If B < X then B is not a basic income. It's like you said, an salary subsidy.

If B >= X then employees can walk away from any job for any reason. It inverts the labor market. Instead of employees competing for jobs, employers compete for labor. Portions of tech industry exhibit this inversion. Saleries, benefits, working conditions are off the charts compared to say Walmart line workers or Amazon pickers.

Agreed, look at it this way - most people don't earn minimum, but more. They will still work to keep their standards (paying rents, mortgages, cars, kids, lifestyle they are used to etc.). Employers are not dumb, they will reflect this immediately.

A healthy society should always motivate people to WORK and produce products/services, that's what keeps society running. If main goal of BI is to remove that motivation, I fail to see it as a step in right direction.

>Also, this is Finland a small, rich and homogenous country.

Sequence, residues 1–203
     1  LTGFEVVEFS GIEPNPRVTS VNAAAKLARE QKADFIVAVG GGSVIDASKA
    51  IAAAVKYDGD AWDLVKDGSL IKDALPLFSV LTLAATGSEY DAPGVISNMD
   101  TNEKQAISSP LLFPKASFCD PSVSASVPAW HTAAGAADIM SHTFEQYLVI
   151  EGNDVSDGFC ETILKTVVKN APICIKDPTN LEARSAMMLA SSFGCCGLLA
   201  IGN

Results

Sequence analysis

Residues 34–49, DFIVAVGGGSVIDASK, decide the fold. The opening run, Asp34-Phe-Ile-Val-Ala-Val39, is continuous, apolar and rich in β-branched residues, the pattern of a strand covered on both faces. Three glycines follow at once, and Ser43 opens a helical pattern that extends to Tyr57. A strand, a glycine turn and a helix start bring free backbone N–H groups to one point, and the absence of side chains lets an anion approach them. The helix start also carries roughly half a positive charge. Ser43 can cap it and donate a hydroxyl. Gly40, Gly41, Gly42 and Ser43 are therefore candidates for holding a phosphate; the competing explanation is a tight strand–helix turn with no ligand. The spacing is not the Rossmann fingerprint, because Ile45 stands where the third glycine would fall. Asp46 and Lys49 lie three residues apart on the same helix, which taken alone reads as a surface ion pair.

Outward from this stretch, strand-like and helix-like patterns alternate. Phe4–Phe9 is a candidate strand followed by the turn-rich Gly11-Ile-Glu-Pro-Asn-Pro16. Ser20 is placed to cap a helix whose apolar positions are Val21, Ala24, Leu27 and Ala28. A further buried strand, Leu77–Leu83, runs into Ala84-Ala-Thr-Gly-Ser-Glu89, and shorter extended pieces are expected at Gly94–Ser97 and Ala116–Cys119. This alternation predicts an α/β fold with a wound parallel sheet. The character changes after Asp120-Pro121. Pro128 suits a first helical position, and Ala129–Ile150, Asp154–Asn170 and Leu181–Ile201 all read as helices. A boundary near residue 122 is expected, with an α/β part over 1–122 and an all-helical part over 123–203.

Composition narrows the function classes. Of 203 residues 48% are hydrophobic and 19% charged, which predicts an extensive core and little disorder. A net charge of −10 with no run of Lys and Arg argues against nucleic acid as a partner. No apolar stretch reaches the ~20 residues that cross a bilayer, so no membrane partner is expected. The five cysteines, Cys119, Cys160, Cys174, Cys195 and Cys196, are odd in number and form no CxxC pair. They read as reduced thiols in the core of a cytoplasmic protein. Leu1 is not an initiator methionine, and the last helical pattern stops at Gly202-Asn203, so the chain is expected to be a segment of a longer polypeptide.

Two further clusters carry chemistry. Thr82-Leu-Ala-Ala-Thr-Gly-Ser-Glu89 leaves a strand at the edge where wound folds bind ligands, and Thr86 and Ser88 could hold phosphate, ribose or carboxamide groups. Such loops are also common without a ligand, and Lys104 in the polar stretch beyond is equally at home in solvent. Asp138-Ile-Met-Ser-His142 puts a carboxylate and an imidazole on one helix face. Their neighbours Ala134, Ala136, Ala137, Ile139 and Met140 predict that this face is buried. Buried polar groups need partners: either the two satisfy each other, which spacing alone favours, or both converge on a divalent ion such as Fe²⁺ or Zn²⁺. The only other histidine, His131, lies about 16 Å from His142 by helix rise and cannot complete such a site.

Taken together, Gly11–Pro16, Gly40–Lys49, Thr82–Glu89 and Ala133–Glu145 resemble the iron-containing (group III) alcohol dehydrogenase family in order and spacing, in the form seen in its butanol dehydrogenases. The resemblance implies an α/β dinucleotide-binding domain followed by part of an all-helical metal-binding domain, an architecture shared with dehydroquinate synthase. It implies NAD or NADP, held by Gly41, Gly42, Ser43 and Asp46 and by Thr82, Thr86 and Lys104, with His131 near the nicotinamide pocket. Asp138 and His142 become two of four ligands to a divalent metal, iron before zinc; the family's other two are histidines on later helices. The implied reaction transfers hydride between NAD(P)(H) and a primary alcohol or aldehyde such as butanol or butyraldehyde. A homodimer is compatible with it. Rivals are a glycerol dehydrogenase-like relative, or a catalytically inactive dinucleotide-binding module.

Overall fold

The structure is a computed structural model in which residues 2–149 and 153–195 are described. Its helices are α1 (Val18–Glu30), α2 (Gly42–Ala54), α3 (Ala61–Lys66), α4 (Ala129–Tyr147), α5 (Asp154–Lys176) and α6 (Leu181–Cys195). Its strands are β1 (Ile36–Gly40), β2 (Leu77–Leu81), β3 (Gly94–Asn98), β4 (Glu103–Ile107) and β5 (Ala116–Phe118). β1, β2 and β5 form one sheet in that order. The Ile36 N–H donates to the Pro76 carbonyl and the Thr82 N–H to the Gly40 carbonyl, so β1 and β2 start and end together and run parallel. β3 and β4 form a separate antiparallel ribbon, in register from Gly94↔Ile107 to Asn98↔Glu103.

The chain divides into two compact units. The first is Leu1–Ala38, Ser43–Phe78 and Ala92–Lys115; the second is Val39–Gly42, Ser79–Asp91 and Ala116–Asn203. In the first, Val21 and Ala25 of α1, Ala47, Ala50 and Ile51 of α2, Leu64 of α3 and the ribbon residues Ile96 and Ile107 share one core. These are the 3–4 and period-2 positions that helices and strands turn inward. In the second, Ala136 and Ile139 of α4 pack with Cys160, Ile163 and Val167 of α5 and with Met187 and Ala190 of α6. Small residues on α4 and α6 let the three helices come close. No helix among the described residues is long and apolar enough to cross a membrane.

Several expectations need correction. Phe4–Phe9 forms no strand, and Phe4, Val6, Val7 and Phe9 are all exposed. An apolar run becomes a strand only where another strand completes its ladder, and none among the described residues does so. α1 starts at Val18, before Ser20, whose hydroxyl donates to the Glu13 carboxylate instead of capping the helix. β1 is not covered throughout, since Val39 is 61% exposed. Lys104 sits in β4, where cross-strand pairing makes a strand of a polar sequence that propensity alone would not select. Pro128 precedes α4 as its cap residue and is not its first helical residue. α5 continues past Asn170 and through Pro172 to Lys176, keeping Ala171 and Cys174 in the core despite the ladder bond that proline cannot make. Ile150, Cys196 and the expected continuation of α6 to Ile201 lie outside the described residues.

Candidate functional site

There are an unknown amount of reasons that would determine the success of a program like basic income, so I'm wondering why the size and homogeneity of a country are always quickly brought up.

because if you bring in an influx of color and foreign diversity, you get people who have less in common, less shared values and don't look out for each other. Get a massive influx of brown muslims in your white country, then find out that you no longer cooperate with each other like you did before. It's basically the way in the U.S. that the two party system also uses race and immigration to drive another wedge between citizens. Believe me, you want homogenity. It's better for progress than diversity. Everyone tells the story that diversity somehow is strength. Nope, never has been, it's a story that just feels good but isn't true. The U.S. progresses in spite of diversity and conflict, not because of it.

in what way does having a diverse population pose problems to basic income specifically? you are just stating a general problem.